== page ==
What the wild things eat: Feeding the animals of the WNC Nature Center

SNACK TIME: Olive the otter (pictured) and her companion Obi Wan are fed a diet of fish with occasional fish "Popsicles" (fish frozen into ice cubes) as a treat. Visitors to the WNC Nature Center can watch the otters being fed about 11:30 a.m. each day. Photo by Cindy Kunst

To feed your household dog, cat — or pig, for that matter — takes nothing more than a trip to PetSmart. Meeting the dietary needs of wild animals, however, requires a little more effort than cracking open a can.

At the WNC Nature Center, about 250 animals live on-site, representing 60 species. None of the residents can be released back into the wild, so the 42-acre property is their permanent home.

As any team member will tell you, such a diverse population requires a well- and weirdly stocked kitchen. Nibbles the groundhog’s leafy foodstuffs, for instance, are a far cry from the carnivorous cougars’ morning eats.

So what is on the menu for these diverse residents? And how does a group of humans make sure these wild critters are getting the nutrition they need?

Chris Gentile, executive director of the Nature Center, says that the animals’ diets are among the most important aspects of operation, and his team is highly trained in food preparation, nutrition and procedure.

“Preparing food is something that’s a learned trade. When we bring an animal care person in, they spend a lot of time watching and learning from people who really know,” he explains. Each animal is different, and each eats a diet specifically tailored to its needs.

Take the otters, for example. Obi Wan and Olive are among the center’s most popular attractions.

“When we get surveys and Trip Advisor comments, otters are always the most-mentioned animal,” says Gentile. As far as their daily menu goes, they eat fish — just as they would in the wild, he says.

DISHING IT OUT: WNC Nature Center staff member Laura Pearson prepares a meal for one of the facility's resident animals. Pearson is in charge of portioning food for all the Nature Center's animals. Photo by Cindy Kunst
DISHING IT OUT: WNC Nature Center staff member Laura Pearson prepares a meal for one of the facility’s resident animals. Photo by Cindy Kunst

“The fish come from a local stock area,” he explains — the same type of farm that raises fish for restaurants. “We get a delivery a few times a year, freeze it, then take the fish out as we need it so it defrosts in the fridge. We cut it up into small bits — we don’t feed them whole fish or live fish.”

Sometimes, the otters get fish Popsicles: giant ice cubes with fish bits frozen inside. As they melt, the otters get their snacks and a little bit of entertainment too.

“It’s not like humans where they just cut off a filet,” explains Gentile. “They eat bones, eyes, the head — it gives them calcium and nutrients from other parts of the fish.

The public always has a chance to watch the feeding ritual — the critters dine about 11:30 a.m. daily at Otter Falls, says Gentile.

People are also curious about the diets of the Nature Center’s two cougars, Pisgah and Mitchell (named for two of Western North Carolina’s most famous peaks), says Gentile. As carnivores, their diet is all meat.

“Most people don’t realize that carnivores in zoos — here, at the North Carolina Zoo or any other zoo people might have visited in the area — most of the time the carnivores are getting commercially prepared meat. We don’t feed them deer we find in the road,” explains Gentile.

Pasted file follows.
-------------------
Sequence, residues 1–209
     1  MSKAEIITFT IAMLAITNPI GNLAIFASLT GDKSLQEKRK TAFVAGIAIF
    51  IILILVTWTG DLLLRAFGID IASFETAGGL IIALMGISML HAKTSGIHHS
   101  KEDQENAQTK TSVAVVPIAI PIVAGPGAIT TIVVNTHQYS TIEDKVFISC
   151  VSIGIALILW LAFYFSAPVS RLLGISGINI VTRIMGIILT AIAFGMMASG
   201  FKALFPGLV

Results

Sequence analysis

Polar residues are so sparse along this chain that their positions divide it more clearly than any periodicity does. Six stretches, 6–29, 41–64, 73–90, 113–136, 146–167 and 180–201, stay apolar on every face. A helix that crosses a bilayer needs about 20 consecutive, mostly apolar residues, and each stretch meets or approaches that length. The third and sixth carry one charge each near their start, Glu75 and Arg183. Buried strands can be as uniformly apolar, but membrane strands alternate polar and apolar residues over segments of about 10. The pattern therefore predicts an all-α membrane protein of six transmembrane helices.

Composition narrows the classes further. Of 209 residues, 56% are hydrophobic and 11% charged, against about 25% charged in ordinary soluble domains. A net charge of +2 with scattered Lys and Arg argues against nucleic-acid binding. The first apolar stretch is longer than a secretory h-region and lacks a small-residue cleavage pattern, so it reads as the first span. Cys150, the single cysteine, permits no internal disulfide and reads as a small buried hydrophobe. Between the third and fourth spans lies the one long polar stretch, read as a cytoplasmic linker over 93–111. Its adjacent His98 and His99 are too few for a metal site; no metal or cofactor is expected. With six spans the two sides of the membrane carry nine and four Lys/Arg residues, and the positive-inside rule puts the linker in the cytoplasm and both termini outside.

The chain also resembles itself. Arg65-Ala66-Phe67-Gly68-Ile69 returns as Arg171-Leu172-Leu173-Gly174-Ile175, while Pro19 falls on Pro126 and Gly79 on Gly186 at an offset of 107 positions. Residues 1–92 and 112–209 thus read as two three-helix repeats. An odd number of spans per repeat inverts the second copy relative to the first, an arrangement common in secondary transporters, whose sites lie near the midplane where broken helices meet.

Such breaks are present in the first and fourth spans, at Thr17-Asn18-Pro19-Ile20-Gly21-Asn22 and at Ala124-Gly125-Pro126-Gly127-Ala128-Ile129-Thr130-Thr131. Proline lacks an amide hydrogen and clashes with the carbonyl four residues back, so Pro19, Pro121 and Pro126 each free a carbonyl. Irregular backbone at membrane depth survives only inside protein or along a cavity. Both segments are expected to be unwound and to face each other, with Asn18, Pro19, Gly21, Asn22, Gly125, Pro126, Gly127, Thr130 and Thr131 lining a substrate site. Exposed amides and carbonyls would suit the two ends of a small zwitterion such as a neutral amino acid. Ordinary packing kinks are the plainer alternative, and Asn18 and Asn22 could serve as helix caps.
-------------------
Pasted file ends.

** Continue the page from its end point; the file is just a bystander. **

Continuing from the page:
Their food is produced by a commercial meat manufacturer — much like dog food, only specially formulated to include all the nutrients the cougars need. The center orders from a company out of Nebraska, and they have a nutritionist on staff.

“They provide it in what looks like a 5-pound log of sausage — a five-pound ration,” explains Gentile. “We get two or three deliveries a year, and as we go, we’ll pull out what we need, let it defrost and prepare it that way.”

It’s crucial that the team knows exactly what’s in the food, says Gentile. “Say we don’t know that there’s a certain mineral in a meat, then an animal gets sick — our vet would have to uncover that stone. Knowing what goes into an animal’s diet is like preventative medicine,” he explains.

While the commercially prepared recipe makes up the bulk of the cougars’ diets, occasionally they get a little something extra, says Gentile. “Local hunters may donate part of a deer, like a leg, and the cougars and other carnivores will chew on that and get their calcium. It’s not a common thing — we only do it when it’s available.”

The snakes also have a unique dietary regime. “Rattlesnakes eat a whole rat or a whole mouse and digest it, just like they would if they caught a mouse or rat in the wild,” Gentile says.

The center sources mice and rats from a company that produces feeder animals for different zoos. The sizes of the rodents depend on the sizes of the snakes. “A bigger snake will eat a larger rat, while a corn snake will eat a much smaller rat or a large mouse,” says Gentile. Like the other animals’ food, the mice and rats are frozen then defrosted for consumption.

Clearly, one size does not fit all when it comes to the center’s hundreds of inhabitants and their daily diets. Hippocrates’ words about food being medicine apply to wild animals too. Hence the need for a well-stocked fridge. And freezer.

“Think of all the things that need to be in our grocery store,” adds Gentile. “We have animals that eat hay, we have mealworms, crickets, not to mention dry food we feed the bears that comes in a dog food-type bag. We have a lot of different items in our grocery store — more than you’d ever find at Ingles.”


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